The Way Down to the Sea
by Augustus E. John
13.2-John_WayDowntoSea-Tate-80
Augustus E. John (Welsh-British, 1878–1961), The Way Down to the Sea, 1909–11. Oil on canvas, 29⅞ × 26⅜ in. (76 × 67 cm).

Augustus John (1878-1961)
The Way Down to the Sea, 1909-1911
Oil on canvas, 30 x 26 ¼ in. (76 x 67 cm)
Private collection

At the Armory Show
Augustus John was represented by thirty-eight paintings and drawings at the Armory Show’s New York venue, making him the most generously represented artist after Odilon Redon. The majority were lent by John’s friend, the New York attorney and collector John Quinn, who was one of his most generous patrons. It was an important introduction to an American audience, and the critics were eager for the opportunity to examine John’s work. A writer for the New York Tribune remarked: “In London he is already a legend. . . . but we have not before had the chance to see here what the man’s art is really like.” [1]

A major painting
The Way Down to the Sea was the largest and most important of the works by John that Quinn lent to the Armory Show. Its tone is symbolist and owes much to the French painter Pierre Puvis de Chavannes, although its intended meaning is uncertain. The work may represent a reconstruction of the artist’s family—his wife Ida, who had died in 1907, and his mistress Dorelia with one of their children, and perhaps Dorelia’s sister Jessie and another of John’s lovers, Euphemia Lamb. [2]

The response
Reviews of the painting were generally favorable, though the critics were dismayed by their inability to decipher its intended meaning. The critic for the New-York Tribune described John as “a realist by instinct … mistakenly trying to be something else,” and used The Way Down to the Sea to illustrate his point: “In attitude and gesture, as well as in the broad lines of the composition, he unmistakably endeavors to invest his subject with some peculiar meaning . . . . But in the upshot all this remains dark to the observer, who wonders why a group of peasants descending to the shore should proceed as upon some ritualistic business.” [3]

[1] “Further Impressions of the International Show,” New-York Tribune, March 9, 1913, 2:6.

[2] Gwen and Augustus John, ed. David Fraser Jenkins and Chris Stephens, exh. cat. (London: Tate Publishing, 2004), 129.

[3]  “Further Impressions of the International Show.”

Augustus John (1878-1961)

The archetypal rebel and bohemian artist Augustus John was born in Wales, worked primarily in England and France, became an influential proponent of Impressionism and Post-Impressionism in the United Kingdom, and was celebrated first in London and then internationally for his portraits and expressive figure paintings and drawings. He was the brother of the painter Gwen John, who also contributed work to the Armory Show. Both studied art at the Slade School in London in the 1890s and created works that emphasized imagination and escape. [1]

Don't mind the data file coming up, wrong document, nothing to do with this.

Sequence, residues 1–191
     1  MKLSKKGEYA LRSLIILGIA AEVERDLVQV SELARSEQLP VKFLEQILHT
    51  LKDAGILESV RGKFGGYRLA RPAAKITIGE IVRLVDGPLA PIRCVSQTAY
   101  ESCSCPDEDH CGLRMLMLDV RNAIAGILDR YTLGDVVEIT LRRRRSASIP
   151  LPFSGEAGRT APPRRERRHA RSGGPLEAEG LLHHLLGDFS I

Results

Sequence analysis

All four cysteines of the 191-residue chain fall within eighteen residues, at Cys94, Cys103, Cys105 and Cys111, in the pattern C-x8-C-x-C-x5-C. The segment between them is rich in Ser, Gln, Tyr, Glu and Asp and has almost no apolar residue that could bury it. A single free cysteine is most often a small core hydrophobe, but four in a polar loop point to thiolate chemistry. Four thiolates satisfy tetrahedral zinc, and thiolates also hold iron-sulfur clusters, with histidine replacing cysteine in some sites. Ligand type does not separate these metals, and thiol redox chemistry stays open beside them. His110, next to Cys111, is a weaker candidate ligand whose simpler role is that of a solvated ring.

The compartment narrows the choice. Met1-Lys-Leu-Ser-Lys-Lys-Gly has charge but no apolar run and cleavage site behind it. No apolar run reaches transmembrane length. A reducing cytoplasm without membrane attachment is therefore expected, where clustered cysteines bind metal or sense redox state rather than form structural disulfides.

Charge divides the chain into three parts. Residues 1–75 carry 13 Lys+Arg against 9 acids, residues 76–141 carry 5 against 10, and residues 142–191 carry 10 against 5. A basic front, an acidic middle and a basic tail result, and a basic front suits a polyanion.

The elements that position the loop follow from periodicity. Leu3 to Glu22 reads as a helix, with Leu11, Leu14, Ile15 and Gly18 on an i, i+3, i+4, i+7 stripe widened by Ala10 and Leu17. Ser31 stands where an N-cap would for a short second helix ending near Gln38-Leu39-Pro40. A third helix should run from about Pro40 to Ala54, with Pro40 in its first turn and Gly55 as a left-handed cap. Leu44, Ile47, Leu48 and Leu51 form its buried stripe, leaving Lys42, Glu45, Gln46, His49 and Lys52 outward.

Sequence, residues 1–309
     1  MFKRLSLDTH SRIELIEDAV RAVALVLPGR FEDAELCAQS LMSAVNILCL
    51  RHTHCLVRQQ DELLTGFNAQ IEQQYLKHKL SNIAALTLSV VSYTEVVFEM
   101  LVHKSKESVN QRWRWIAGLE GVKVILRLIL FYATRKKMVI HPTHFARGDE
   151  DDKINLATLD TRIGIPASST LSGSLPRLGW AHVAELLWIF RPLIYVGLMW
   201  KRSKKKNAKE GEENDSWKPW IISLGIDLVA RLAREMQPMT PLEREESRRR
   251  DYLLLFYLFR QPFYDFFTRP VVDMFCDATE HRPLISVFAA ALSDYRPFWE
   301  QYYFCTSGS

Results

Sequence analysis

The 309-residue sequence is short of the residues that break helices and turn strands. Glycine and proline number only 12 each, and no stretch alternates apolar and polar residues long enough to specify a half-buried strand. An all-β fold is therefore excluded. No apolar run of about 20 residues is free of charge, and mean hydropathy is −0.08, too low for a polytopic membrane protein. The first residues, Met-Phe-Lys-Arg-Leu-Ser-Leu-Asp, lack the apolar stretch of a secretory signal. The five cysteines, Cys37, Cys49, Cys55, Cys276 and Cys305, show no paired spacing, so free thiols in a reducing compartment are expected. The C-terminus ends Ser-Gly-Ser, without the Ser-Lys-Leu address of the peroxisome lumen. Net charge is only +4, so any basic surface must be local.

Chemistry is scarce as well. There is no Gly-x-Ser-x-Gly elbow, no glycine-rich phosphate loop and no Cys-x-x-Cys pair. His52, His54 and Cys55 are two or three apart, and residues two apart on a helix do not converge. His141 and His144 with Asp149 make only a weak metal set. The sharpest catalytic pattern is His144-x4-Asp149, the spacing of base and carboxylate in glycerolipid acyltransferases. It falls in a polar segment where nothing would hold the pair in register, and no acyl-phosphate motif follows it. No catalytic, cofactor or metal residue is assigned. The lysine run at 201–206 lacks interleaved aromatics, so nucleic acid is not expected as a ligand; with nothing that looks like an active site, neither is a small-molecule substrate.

About 1897 John went to Paris, where he was influenced by the work of the symbolist painter Pierre Puvis de Chavannes. By 1901 John was teaching art at the University of Liverpool to support his young family. There he befriended John Sampson, a librarian who sparked John’s interest in the Romani people, often called gypsies. John—with his wife Ida Nettleship, his mistress Dorelia McNeill, and his children by both women—began to travel the English countryside in a caravan, cultivating his reputation as a glamorous and romantic bohemian. His portraits and figure paintings from this period demonstrated technical proficiency, as well as a sense of theatricality and bravura, and quickly drew the attention of the critics. “He is the wonder of Chelsea,” exclaimed the Irish critic George Moore in 1906. [2]

In 1910 John traveled to Martigues, in Provence, France, where he lived through 1928 and developed his Post-Impressionist style in a series of landscape and figure compositions. But portraits comprised the bulk of his paid work, and his list of esteemed sitters included the poet Dylan Thomas and the British army officer T. E. Lawrence. He was elected an Associate of the Royal Academy in 1921 and a full Member in 1928, the same year he sold his house in Provence and returned to London. Though his style eventually became outdated, he maintained his reputation as one of Britain’s leading artists until his death in 1961.

[1] See Gwen and Augustus John, David Fraser Jenkins and Chris Stephens, eds., exh. cat. (London: Tate Publishing, 2004).

[2] Michael Holroyd, Augustus John (New York: Farrar, Straus and Giroux, 1996), 332.

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